Navigating without seeing is like life: we don’t have the capacity to see where we’re actually going, even though we can sometimes understand a broader picture. In E, I see a metaphor: as with your image of people walking with umbrellas, we’re constantly navigating with seemingly little context, sunk away in thoughts with never a clue, scarcely learning to recognise shapes along the way. Our strength is that we’re not alone. E seems to understand that more than most.
In a comparable way, for the last years I’ve been making images without a lens, asking a camera to record images for me with an eye that I do not have myself. Nothing between reality and medium, everything reduced to two-dimensional recorded shapes that I retroactively try to understand while relating to the moment I experienced.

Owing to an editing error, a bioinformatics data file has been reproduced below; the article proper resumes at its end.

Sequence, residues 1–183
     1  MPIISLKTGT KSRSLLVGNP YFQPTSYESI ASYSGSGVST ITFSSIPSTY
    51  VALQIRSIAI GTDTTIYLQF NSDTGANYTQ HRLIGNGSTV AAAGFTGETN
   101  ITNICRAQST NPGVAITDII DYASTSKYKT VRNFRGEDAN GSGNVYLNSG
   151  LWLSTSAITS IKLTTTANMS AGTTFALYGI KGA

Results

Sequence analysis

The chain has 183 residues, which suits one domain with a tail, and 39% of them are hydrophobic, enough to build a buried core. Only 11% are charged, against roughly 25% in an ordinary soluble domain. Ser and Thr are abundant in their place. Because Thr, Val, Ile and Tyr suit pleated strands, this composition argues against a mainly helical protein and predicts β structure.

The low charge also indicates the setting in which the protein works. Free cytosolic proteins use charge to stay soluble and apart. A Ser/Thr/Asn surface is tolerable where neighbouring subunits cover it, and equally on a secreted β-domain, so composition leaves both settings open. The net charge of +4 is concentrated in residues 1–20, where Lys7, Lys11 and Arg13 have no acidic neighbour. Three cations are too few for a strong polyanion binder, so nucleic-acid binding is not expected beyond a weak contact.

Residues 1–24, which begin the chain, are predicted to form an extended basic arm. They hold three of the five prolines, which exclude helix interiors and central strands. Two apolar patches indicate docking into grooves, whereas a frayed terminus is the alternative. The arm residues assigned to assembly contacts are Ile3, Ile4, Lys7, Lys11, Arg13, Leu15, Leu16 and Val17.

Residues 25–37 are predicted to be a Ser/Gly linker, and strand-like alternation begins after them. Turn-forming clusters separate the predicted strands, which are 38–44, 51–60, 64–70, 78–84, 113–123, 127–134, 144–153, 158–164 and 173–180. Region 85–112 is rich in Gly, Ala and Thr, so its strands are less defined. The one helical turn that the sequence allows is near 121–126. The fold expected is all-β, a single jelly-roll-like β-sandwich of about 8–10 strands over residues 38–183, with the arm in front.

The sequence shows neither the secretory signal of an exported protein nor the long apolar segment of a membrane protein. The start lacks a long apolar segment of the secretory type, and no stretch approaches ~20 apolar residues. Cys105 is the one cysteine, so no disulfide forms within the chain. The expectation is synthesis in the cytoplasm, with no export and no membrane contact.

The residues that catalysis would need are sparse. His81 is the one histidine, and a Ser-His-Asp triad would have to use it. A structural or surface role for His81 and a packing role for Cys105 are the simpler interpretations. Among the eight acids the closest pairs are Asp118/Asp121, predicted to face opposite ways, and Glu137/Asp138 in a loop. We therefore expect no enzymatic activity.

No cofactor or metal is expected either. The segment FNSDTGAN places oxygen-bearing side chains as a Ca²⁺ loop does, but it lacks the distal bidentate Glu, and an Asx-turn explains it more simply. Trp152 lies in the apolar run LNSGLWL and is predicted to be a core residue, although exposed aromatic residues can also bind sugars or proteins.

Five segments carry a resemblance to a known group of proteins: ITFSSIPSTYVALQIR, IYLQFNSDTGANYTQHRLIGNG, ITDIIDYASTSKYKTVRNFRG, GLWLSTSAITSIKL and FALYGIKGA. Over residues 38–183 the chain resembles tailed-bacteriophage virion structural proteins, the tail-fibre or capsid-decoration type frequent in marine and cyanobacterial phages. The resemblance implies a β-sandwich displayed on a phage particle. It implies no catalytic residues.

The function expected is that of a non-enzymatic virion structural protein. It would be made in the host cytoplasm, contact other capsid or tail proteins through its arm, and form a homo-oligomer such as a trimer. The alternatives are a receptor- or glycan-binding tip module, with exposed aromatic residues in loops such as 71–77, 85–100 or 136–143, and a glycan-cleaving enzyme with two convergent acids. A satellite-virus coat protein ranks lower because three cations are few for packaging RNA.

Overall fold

And then there are those moments when I suddenly find myself in a tree along my path, which I’ve apparently climbed to seek out a horizon. Hoping to be closer. But that’s the thing about a horizon: it’s hope. It’s meant to be far. Of course I’ll never arrive. The fact that my hope defines a path in ways I cannot understand is kind of OK. When in doubt, I just need to turn around and look back where I was yesterday.
Out of nowhere, a dog gently approaches me, acknowledging and accepting my presence.